It’s important to engender a proper relationship with sugar — a little can go a long way. Putting sugar in its rightful place can help you avoid tooth decay and increase your chances of greater overall health.

If you would like more information on sugar’s impact on dental and general health, please contact us or schedule an appointment for a consultation. You can also learn more about this topic by reading the Dear Doctor magazine article “The Bitter Truth About Sugar.”

ActressEmmaStoneRevealsHowThumbSuckingAffectedHerTeeth

It's no secret that many of Hollywood's brightest stars didn't start out with perfectly aligned, pearly-white teeth. And these days, plenty of celebs are willing to share their stories, showing how dentists help those megawatt smiles shine. In a recent interview with W magazine, Emma Stone, the stunning 28-year-old star of critically-acclaimed films like La La Land and Birdman, explained how orthodontic appliances helped her overcome problems caused by a harmful habit: persistent thumb sucking in childhood.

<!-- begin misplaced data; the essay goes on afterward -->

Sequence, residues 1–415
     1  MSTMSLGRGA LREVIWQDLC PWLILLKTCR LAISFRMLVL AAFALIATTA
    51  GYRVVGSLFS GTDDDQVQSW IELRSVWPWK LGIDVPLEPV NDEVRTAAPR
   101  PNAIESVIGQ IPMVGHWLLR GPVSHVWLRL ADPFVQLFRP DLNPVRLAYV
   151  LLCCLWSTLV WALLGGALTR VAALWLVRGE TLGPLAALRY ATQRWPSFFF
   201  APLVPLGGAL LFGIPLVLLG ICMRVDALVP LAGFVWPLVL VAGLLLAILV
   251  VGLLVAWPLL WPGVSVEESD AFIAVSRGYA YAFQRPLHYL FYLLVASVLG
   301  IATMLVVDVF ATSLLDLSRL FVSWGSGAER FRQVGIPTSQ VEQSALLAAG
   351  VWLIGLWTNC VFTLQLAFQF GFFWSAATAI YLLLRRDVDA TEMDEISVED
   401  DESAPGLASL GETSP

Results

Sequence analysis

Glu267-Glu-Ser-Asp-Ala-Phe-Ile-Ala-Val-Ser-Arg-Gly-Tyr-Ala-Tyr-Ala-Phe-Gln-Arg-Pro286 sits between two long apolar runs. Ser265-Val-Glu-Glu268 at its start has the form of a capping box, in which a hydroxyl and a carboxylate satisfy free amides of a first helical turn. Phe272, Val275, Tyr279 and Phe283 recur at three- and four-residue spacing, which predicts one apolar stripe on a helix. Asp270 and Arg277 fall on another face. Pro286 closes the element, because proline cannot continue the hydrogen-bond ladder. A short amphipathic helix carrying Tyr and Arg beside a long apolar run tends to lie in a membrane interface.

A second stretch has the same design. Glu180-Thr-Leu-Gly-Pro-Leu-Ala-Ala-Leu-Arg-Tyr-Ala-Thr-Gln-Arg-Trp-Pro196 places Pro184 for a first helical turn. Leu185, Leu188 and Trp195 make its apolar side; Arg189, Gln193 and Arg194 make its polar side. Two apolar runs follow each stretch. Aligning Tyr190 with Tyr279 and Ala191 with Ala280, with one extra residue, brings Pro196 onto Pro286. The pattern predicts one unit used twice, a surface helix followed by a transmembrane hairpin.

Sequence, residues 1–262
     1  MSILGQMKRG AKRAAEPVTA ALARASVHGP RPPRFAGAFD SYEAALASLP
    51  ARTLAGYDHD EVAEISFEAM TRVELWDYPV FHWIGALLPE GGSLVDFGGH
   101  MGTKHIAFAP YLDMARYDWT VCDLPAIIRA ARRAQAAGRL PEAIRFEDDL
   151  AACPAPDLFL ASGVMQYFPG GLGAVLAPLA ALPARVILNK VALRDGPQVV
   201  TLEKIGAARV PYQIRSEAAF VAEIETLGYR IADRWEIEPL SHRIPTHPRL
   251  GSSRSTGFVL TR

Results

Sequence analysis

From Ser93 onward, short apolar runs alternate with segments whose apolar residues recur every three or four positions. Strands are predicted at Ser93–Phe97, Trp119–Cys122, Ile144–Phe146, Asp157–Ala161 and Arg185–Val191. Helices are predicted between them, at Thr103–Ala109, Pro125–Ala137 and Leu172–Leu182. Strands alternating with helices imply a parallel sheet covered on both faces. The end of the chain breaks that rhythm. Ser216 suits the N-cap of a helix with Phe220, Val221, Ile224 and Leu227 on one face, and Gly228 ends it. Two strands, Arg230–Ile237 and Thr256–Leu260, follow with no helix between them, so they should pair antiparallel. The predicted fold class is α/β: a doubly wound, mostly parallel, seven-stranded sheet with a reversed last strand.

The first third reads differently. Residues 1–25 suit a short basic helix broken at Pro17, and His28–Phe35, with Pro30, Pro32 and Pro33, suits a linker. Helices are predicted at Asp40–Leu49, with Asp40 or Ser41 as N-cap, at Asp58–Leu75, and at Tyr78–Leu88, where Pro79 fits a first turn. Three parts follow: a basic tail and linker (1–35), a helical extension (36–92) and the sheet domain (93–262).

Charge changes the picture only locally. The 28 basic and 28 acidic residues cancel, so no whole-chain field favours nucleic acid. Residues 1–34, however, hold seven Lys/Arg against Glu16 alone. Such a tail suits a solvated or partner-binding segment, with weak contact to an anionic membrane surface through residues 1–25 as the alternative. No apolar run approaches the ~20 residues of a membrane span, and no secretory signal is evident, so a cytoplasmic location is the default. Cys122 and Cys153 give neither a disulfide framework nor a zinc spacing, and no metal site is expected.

“I sucked my thumb until I was 11 years old,” she admitted, mischievously adding “It's still so soothing to do it.” Although it may have been comforting, the habit spelled trouble for her bite. “The roof of my mouth is so high-pitched that I had this huge overbite,” she said. “I got this gate when I was in second grade… I had braces, and then they put a gate.”

While her technical terminology isn't quite accurate, Stone is referring to a type of appliance worn in the mouth which dentists call a “tongue crib” or “thumb/finger appliance.” The purpose of these devices is to stop children from engaging in “parafunctional habits” — that is, behaviors like thumb sucking or tongue thrusting, which are unrelated to the normal function of the mouth and can cause serious bite problems. (Other parafunctional habits include nail biting, pencil chewing and teeth grinding.)

When kids develop the habit of regularly pushing the tongue against the front teeth (tongue thrusting) or sucking on an object placed inside the mouth (thumb sucking), the behavior can cause the front teeth to be pushed out of alignment. When the top teeth move forward, the condition is commonly referred to as an overbite. In some cases a more serious situation called an “open bite” may develop, which can be difficult to correct. Here, the top and bottom front teeth do not meet or overlap when the mouth is closed; instead, a vertical gap is left in between.